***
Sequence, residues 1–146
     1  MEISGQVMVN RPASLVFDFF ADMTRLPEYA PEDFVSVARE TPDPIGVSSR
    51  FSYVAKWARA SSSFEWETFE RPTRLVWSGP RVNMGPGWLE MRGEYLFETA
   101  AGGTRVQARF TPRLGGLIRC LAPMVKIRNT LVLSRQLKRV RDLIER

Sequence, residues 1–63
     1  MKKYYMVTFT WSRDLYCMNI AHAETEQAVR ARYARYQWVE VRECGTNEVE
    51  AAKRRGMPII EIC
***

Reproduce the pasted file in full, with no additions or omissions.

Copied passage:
Sequence, residues 1–146
     1  MEISGQVMVN RPASLVFDFF ADMTRLPEYA PEDFVSVARE TPDPIGVSSR
    51  FSYVAKWARA SSSFEWETFE RPTRLVWSGP RVNMGPGWLE MRGEYLFETA
   101  AGGTRVQARF TPRLGGLIRC LAPMVKIRNT LVLSRQLKRV RDLIER

Sequence, residues 1–63
     1  MKKYYMVTFT WSRDLYCMNI AHAETEQAVR ARYARYQWVE VRECGTNEVE
    51  AAKRRGMPII EIC